LOPEZ: (Singing) La la la la la la la la la la la la la la. Tonight we gon' be it on the floor. La la la la la la la la la la la la la la. Tonight we...

KEYS: And that one of the ongoing jokes is that in the divorce her and husband Marc Anthony got joint custody of rapper Pitbull.


KEYS: That's true.


LOPEZ: (Singing) Tonight we gon' be it on the floor. The floor. The floor.

KEYS: If you're just joining us, this is TELL ME MORE from NPR News. We're talking about what a great year for women in music it has been. With us is the editor of Billboard Magazine, Danyel Smith, as well as NPR Music's hip-hop expert Frannie Kelley and Jasmine Garsd, the co-host of NPR Music's Alt.Latino podcast.

Frannie, how come Janet can make it back? If Janet and J. Lo are doing pretty the same thing. J. Lo's got this great comeback. Why is Janet Jackson not back out there?

KELLEY: I share your concern.


KELLEY: There's no reason she's not on the radio right now. I mean it seems to me she's been keeping her head down since the tragic death of her brother.

KEYS: Yeah.

KELLEY: I mean it seems maybe she's got bigger fish to fry at the moment. And I wonder who she would work with if she got out there again.

KEYS: That would be interesting to see.

SMITH: David Guetta.

KELLEY: That would be great.

SMITH: Let's do that.


KEYS: We've got to talk about some of this year's female rappers. We've got Kreayshawn. We've got Kesha, the Satisfaction. But Nicki Minaj is without doubt the most talked about - or one of the most talked about - artist of the year. Let's hear a clip of her song "Fly" featuring Rihanna.


NICKI MINAJ: (Rapping) I wish today it will rain all day. Maybe that will kind of make the pain go away. Trying to forgive you for abandoning me. Praying but I think I'm still an angel away. Angel away, yeah strange in a way.

KEYS: Frannie, you listen to a whole lot of rap. What you think about Nicki? And what was up with that video with the whole futuristic armies fighting off ninjas thing going on there?


KELLEY: I think she's a great talent. I think that were all really, really excited for the album that she put out at the end of 2010 called "Pink Friday" and it was actually a little bit of a letdown. You know, she blew everybody away with that verse on "Monster" from Kanye's album...

KEYS: Mm-hmm.

KELLEY: ...and there was nothing of that caliber on "Pink Friday" until "Super Bass," which was a bonus track on "Pink Friday," actually.


MINAJ: (Singing) Can't you hear that boom, badoom, boom, boom, badoom, boom, bass. Yeah that's that super bass. Got that super bass boom, badoom, boom, boom, badoom, boom, bass. Yeah that's that super bass. Boom, boom, boom, bom.

KELLEY: And that took over the summer. I mean that was really great. My colleague Ann Powers has written about it a bunch, like much her daughter loves it. My friend's kids love it also.

KEYS: She also wrote that she's sold out and gone Barbie, which I thought was a pretty fabulous way to describe it.

Danyel, what do you think about Nicki?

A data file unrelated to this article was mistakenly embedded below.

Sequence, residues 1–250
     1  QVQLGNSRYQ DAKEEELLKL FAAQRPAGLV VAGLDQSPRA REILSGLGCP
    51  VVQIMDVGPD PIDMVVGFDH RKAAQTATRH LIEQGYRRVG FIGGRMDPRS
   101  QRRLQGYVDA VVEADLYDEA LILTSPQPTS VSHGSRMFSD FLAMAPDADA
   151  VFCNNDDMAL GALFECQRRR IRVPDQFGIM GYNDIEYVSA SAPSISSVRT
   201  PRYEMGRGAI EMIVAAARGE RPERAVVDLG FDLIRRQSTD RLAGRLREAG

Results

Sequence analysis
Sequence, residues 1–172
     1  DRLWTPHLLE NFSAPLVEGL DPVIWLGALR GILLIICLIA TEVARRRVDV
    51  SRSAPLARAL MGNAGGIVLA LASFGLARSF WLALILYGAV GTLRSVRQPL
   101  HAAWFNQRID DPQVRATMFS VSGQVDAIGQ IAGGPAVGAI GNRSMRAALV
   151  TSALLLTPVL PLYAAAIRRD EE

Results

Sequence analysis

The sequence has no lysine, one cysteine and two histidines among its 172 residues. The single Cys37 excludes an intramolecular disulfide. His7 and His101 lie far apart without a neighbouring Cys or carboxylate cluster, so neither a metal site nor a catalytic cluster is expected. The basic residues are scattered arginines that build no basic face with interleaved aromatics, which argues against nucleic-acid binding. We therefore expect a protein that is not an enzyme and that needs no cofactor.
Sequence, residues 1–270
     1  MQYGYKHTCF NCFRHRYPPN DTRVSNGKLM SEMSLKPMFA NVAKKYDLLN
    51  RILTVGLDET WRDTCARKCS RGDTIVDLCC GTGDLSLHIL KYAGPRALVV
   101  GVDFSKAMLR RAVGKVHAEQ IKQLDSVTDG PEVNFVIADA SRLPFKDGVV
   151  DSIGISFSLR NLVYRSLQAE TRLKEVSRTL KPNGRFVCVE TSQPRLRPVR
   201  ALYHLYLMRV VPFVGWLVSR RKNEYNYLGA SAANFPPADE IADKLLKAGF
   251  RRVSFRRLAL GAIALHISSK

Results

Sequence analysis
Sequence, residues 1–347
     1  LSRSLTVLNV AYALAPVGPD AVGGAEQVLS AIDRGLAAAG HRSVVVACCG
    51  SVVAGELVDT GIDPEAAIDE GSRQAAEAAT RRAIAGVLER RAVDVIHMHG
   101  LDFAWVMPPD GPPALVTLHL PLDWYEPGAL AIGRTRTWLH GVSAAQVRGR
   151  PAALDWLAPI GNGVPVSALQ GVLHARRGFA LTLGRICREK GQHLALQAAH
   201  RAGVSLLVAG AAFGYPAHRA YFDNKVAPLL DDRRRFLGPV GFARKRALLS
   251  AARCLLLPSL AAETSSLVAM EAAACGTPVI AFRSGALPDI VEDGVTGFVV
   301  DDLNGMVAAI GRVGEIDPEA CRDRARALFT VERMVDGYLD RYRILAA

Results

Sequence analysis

SMITH: I love her. She was Billboard's Rising Star of the Year this year. And she sat down and she just talks about her career and it was the first time I think I'd actually seen her just sort of sit down and talk and have a sort of regular - if you can call it that - conversation, and she's just a brilliant girl. And she had blonde hair down to her, you know, to the back of her knees. And she looked gorgeous. She sounded super, super smart. And I just, you know, she's probably - I mean I come from the era of Laura Hanlon, Queen Latifah and MC Lyte and all that kind of stuff and I've been waiting and waiting and waiting on a girl I could really get excited about and she is that.

KEYS: Jas, you've been saying, especially in the Latin world, you noticed some women making huge comebacks, probably through the reality television.

GARSD: Mm-hmm.

KEYS: You were talking about...

GARSD: Jenni Rivera.

KEYS: Jenni Rivera. Who else is hot this year?

GARSD: I really would like to mention Jenni Rivera because I think what she's doing is very interesting.


JENNI RIVERA: (Sung in foreign language)

GARSD: She has kind of a plan to go from banda and norteno, which is a very specialized music.

KEYS: I mean for people who don't know what that is, explain.

GARSD: It's regional Mexican music and it mixes a lot of accordion sounds. When you hear it you know. It mixes a lot of accordion sounds with beads and romantic lyrics.


RIVERA: (Sung in foreign language)

GARSD: It's a very specialized subgenre. Not all Hispanics even like that. I'm Hispanic and I kind of - I respect it. You know I mean? But what she's doing, in addition to her music becoming a lot more pop and relatable, she's kind of pushing herself into this reality show, which is talking about her life and how in addition to being this huge banda diva, she has everyday issues. And I think it's a really interesting way to kind of get back into the music scene through a non-musical venue, really. I mean I think to a certain point J. Lo did it, Christina did it. I think I just think it's a different approach.


RIVERA: (Sung in foreign language)

KEYS: It's been an interesting year. Thank you, ladies. Jasmine Garsd, co-host of NPR Music's Alt.Latino podcast was with us right here in our Washington studio. We were also joined by Danyel Smith, editor of Billboard Magazine, and NPR Music's hip-hop expert, Frannie Kelley. They both joined us from New York.

Copyright © 2011 NPR. All rights reserved. Visit our website terms of use and permissions pages at for further information.

NPR transcripts are created on a rush deadline by a contractor for NPR, and accuracy and availability may vary. This text may not be in its final form and may be updated or revised in the future. Please be aware that the authoritative record of NPR’s programming is the audio.



Please keep your community civil. All comments must follow the Community rules and Terms of Use. NPR reserves the right to use the comments we receive, in whole or in part, and to use the commenter's name and location, in any medium. See also the Terms of Use, Privacy Policy and Community FAQ.

NPR thanks our sponsors

Become an NPR sponsor

Support comes from